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CLASSIFICATION TESTS FOR ORGANIC HALIDES Ygna Allyra M. Gamez, Imma Ericka L. Galima, Mary Lois Ara O.

Galo, Angeline Joy C. Garcia, Justine Nicolle S. Go Group 5 2A Medical Technology Organic Chemistry Laboratory ABSTRACT Understanding and classifying organic halides as organic compounds: Organic compounds contain a halogen atom bonded to a carbon atom, most are synthetic and not flammable. The objectives of this experiment was to differentiate primary, secondary and tertiary samples of organic halides based on S N reactivity and also to differentiate the SN1 and SN2, two mechanisms with organic halides. Sample compounds of chlorobenzene, n-butyl chloride, sec-butylchloride, tert-butyl chloride were analyzed with Beilstein test, alcoholic AgNO3 and NaI in acetone. Everyone of the sample compounds tested produced a positive result with the Beilstein test, in which we may aver the presence of a Chloride ion. Then had we reacted the sample with 2% ethanoic AgNO3 and put into observation SN1reactivity, all of which have attained white precipitate in divergent time except for chlorobenzene which had been observed with no reaction. On the other hand, in the SN2 phase reactivity, using NaI in Acetone, an observation was made that all had exhibited the presence of white precipitate except for sample chlorobenzene; heeded that the time required for each compound was different from what was observed in SN1. Therefore, it was inspected that there are significant differences in results delivered from the S N reactivity and that these differences may be used to classify organic halides. INTRODUCTION Organic halides are organic compounds which contain a halogen atom bonded to a carbon (C) atom. Fluorine (F), chlorine (Cl), bromine (Br), and iodine (I) are all types of halogen atoms. A compound which contains a carbon atom bonded to a fluorine atom (C-F) is called an organofluoride. On the chance the carbon atom is part of a chain of carbon atoms, the organofluoride compound is called an alkyl fluoride. If the carbon atom is contained in a benzene or phenyl ring, the organofluoride is then referred to as an arylfluoride. Other halide compounds are named in a similarly. The reactivity of organic halides depend on the halogen atom that is bonded to the carbon atom in the particular compound. Organoiodides are most reactive and can be converted into other compounds. Organobromides are less reactive compared to organoiodides but are more reactive than organochlorides. Organofluorides are the least reactive among the organic halides. Tertiary halides are known to be more reactive in an SN1 reaction than secondary halides, which are in turn more reactive than primary halides. The deviating rates of silver halide precipitation would be expected from the halogen in each of these environments, which goes as, primary < secondary < tertiary. These deviations are best determined by testing in separate test tubes genuine samples of primary, secondary, and tertiary halides with silver nitrate and observing the results. Alkyl bromides and iodides tend to react more rapidly than chlorides, and chlorides may need to be heated in order for a reaction to be observed in a reasonable period of time. Aryl halides are known to be unreactive toward the test reagent, so are any vinyl or alkynyl halides generally allylic and benzylic halides, even when primary show reactivities greater than tertiary halides because of resonance stabilization of the resulting allyl or benzyl carbocations. EXPERIMENTAL A.) Compounds Tested (or Samples Used) n-butyl chloride sec-butyl chloride tert-butyl chloride chlorobenzene 2% ethanoic AgNO3 15% NaI in anhydrous acetone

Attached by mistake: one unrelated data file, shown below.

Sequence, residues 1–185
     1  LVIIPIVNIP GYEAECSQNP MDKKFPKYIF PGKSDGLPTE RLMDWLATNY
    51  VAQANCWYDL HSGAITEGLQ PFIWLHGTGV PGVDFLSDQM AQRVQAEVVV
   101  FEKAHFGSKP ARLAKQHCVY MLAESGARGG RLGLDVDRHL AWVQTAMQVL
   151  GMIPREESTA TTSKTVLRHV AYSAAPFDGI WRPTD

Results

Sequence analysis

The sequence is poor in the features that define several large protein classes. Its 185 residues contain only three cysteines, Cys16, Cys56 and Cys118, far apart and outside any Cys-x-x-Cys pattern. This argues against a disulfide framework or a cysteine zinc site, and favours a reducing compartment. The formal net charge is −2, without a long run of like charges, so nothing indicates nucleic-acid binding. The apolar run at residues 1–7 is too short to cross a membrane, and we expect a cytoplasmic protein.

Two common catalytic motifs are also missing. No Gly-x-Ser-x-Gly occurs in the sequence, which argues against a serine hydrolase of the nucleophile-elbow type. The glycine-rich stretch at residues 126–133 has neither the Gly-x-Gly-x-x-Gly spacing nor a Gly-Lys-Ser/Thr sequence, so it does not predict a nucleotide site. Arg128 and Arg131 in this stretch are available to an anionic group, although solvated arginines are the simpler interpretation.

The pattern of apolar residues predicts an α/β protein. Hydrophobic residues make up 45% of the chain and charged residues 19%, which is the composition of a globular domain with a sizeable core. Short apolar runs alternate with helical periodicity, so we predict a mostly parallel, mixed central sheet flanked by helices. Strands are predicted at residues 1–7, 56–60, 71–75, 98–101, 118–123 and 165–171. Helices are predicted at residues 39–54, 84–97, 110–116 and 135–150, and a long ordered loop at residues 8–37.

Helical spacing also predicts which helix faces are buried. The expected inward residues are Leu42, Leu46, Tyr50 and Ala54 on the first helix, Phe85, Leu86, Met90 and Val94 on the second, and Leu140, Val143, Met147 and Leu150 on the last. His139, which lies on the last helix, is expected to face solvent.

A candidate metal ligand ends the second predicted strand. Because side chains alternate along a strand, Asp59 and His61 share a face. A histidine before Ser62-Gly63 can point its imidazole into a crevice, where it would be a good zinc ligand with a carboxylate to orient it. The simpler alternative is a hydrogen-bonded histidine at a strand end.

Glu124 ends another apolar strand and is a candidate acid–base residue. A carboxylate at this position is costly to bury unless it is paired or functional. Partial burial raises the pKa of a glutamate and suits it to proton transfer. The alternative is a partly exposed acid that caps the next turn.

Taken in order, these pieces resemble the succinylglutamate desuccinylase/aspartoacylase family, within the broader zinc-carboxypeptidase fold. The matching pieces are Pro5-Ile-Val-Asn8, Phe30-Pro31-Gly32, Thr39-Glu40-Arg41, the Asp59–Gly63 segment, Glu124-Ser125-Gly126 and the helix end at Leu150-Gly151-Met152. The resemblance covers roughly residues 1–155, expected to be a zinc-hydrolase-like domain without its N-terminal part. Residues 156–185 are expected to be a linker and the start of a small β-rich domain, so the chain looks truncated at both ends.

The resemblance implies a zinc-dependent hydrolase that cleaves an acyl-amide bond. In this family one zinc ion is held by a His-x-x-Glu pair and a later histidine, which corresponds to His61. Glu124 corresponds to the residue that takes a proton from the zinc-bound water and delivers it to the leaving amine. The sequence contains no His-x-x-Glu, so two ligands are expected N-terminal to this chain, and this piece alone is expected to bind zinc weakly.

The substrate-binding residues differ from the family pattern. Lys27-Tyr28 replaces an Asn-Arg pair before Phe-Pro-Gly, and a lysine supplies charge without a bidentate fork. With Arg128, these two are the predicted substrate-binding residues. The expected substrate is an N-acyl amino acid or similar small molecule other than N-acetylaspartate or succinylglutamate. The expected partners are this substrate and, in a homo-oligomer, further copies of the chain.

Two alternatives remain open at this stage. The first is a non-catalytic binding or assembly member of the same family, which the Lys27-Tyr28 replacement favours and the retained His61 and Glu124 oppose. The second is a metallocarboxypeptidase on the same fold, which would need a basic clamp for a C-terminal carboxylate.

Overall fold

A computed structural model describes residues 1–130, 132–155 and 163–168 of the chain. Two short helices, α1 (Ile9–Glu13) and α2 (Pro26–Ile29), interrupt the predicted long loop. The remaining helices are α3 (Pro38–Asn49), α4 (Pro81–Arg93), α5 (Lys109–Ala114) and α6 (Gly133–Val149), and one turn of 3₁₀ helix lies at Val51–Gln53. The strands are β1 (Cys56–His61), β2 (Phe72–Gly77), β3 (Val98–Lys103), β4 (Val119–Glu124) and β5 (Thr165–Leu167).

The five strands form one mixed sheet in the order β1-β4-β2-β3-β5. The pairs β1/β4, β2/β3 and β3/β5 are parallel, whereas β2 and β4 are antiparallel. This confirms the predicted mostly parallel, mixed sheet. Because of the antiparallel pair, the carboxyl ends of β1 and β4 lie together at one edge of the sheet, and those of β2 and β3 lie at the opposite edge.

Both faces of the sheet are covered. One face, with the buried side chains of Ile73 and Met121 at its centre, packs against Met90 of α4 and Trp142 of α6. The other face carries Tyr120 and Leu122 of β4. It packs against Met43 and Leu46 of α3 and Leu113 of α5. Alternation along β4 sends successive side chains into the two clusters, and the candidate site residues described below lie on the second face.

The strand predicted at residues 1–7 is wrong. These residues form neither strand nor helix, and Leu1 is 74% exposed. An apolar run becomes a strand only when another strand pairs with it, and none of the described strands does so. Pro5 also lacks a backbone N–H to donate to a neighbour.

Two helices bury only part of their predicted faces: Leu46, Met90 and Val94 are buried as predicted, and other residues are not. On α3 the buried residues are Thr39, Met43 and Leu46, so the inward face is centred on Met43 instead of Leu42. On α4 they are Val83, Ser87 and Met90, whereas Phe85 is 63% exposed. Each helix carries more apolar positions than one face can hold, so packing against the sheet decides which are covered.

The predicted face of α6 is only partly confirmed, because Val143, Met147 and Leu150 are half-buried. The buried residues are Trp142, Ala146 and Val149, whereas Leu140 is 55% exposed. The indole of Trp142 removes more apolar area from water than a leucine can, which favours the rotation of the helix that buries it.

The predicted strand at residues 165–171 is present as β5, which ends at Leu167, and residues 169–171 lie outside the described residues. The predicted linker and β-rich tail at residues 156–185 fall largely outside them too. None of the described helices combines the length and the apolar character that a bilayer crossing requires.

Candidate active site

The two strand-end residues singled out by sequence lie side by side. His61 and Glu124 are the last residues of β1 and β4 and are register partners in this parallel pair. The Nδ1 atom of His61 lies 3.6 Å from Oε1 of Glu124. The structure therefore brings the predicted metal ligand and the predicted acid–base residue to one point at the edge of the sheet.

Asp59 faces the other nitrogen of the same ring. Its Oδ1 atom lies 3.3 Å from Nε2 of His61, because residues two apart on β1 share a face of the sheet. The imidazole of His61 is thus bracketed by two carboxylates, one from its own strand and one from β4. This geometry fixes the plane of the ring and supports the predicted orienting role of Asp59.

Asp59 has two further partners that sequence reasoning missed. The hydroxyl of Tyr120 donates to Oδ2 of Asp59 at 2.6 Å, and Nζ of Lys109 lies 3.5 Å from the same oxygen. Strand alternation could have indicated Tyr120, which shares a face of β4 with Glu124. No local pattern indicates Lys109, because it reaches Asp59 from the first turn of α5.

B.)Procedure 1. Beilstein Test A small loop was made on one end of the copper wire and was heated in the oxidizing zone of a non-luminous flame until the green color moved to the flame and disappeared. The loop was then cooled and dipped into the sample. The loop, later on, was heated together with the sample in the inner zone to the outer zone of anon luminous flame. A blue-green (or green) colored flame was observed to indicate the presence of chlorine, bromine or iodine. Figure 1. Beilstein Test Set Up